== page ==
CAMRA: 'Government failing community pubs'

By Adam Pescod

- Last updated on GMT

Related tags: Business rate relief, Pubs, Community pubs, Public house, Government

CAMRA: 'Government failing community pubs'
The Campaign for Real Ale (CAMRA) has called for urgent Government action to save Britain’s historic pub culture in light of new research showing how 16 pubs on average now close across the country on a weekly basis.

This is up from an average of 14 closures per week in the first half of 2011.

CAMRA has expressed particular concern that Government policy is failing communities on the peripheries of Britain’s towns and cities, with half of these closures (8 a week) taking place in the nation’s suburbs.

The research, based on figures compiled by CGA strategy, discovered that in just two years, 1,078 pubs have been lost in suburban areas, with with beer tax hikes and deep alcohol discounting from supermarket chains bringing about a general decline in pub going by consumers.

Meanwhile, high street pubs are closing at a quarter of the rate – 2 per week – of suburban locals.

These figures coincide with a new report by the Institute of Public Policy Research (IPPR) into the social value of community pubs.

The IPPR report, available here​ highlights the need for a radical change in Government policy that recognises the important community function many pubs perform.

It recommendeds measures to provide vital support including a 50% business rate relief for pubs acting as ‘centres of a community’, reform of planning laws which prevent pubs from being demolished without the need for planning permission, and improving relations between large pub companies and their lessees to offer a guest beer option and an option to become ‘free of tie’ accompanied by an open market rent review.

Mike Benner, CAMRA chief executive, said: “While high street city centre venues are showing a degree of resistance in the current climate, both suburban and rural areas are under threat as wholesale pub closures deprive more local people of a community centre.

“Pubs are vital for social cohesion and cultural integration, and therefore the Government must act swiftly to repair the damage inflicted upon local communities by offering genuine support for enterprising and hard working licensees.”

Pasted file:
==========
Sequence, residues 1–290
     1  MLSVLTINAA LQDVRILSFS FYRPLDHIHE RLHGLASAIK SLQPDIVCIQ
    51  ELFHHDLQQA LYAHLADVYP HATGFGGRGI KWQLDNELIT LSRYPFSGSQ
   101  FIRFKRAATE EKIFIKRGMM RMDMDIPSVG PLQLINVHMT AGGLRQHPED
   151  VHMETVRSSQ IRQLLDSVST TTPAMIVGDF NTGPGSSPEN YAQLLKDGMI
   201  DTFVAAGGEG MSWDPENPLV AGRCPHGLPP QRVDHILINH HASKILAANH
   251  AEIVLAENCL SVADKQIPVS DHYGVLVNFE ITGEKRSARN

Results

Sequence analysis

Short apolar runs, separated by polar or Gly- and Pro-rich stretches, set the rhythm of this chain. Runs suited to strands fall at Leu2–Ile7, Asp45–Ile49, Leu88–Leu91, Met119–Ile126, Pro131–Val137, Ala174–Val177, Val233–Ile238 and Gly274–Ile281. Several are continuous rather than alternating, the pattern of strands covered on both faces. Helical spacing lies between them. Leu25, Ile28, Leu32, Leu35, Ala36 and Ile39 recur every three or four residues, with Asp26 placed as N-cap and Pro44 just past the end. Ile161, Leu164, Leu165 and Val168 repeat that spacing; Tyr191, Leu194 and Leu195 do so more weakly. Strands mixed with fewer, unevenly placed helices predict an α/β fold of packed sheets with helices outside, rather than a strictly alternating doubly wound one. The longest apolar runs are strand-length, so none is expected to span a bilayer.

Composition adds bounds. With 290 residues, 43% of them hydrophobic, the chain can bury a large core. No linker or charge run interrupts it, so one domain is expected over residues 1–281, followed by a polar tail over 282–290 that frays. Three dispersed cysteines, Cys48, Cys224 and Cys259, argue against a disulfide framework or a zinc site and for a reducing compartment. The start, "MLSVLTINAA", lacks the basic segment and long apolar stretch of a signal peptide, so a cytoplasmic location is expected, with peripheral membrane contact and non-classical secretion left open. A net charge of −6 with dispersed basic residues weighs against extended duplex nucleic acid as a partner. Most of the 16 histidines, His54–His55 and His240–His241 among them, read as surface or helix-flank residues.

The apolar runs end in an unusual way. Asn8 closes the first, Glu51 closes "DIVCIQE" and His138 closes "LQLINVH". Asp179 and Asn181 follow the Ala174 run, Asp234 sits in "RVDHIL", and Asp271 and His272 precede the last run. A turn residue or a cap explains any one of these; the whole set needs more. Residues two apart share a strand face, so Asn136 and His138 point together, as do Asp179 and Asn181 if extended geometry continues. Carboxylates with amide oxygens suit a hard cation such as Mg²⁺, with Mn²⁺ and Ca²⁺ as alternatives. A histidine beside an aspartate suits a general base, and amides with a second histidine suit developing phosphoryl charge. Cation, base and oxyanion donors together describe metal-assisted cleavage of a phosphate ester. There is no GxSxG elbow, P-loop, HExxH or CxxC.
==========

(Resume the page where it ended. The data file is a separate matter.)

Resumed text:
IPPR Associate Director, Rick Muir, said: “Government must stop using a one size fits all approach to licensed premises which is killing off our community pubs. Instead responsible well-run community pubs should be encouraged and supported.

“Our research shows community pubs aren’t just places to drink but also places where people meet their neighbours; where local clubs hold meetings and events; and which support many important local services such as village post offices and general stores.”

BBPA chief executive Brigid Simmonds said: “We will be looking at these proposals in detail, but we can certainly agree with some of the key points – the immense social value of pubs, and the pressing need to address the huge increases in Beer Tax we have seen in recent years.

“Our own figures released today show beer sales in pubs down 3.7 per cent in 2011, which is closely linked to the still worrying level of pub closures. More supportive government policies would allow pubs to create jobs in local communities and help the economy back to growth.

“We also agree there is certainly a need for the Government to address why regulation and red tape have fallen so heavily on community pubs in recent years - yet more and more alcohol is drunk at home.”The All Party Parliamentary Save the Pub Group has today backed calls from a top think tank, for pubs that prove themselves to be the hub of the community to be given 50% business rate relief to help them survive. The report comes following the publication of figures by CAMRA, which showed that 16 public houses are closing each week.

The Institute of Public Policy Research has published a report today, which recommends the Government offer 50% business rate relief to pubs who prove they act as community hubs. In order to be considered a community hub, the report suggests pubs should offer benefits such as job opportunities or space for charity events.

A survey carried out by the IPPR found that a majority of people view pubs as the best place to visit in order to keep up to date on their community. The research also reveals that community pubs generate between £20,000 and £120,000 of ‘social value’ each year.

All Party Parliamentary Save the Pub Group chairman, Greg Mulholland MP, also endorsed the IPPR proposals, and said: "The Save the Pub Group fully support the ideas published in a report today by the Institute of Public Policy Research, which recommends that the Government offer 50% business rate relief to pubs that prove themselves to be the hub of the local community

“Whilst the Save the Pub Group have welcomed moves by the Government to support community pubs, such as the doubling of small business rate relief, it is high-time they recognised the significant contribution pubs have both socially and financially to the local community, by introducing further measures to protect well run community pubs.

“CAMRA figures, which show that 16 pubs close each week are deeply concerning and the Government must do more to address this problem. Offering business rate relief to well run community pubs would go some way to protecting the wealth of excellent pubs serving their local communities up and down the country.

"The Save the Pub Group will of course be continuing our work to ensure a better deal for pubs and reversing the worrying trend of pub closures in towns and cities across the country.”

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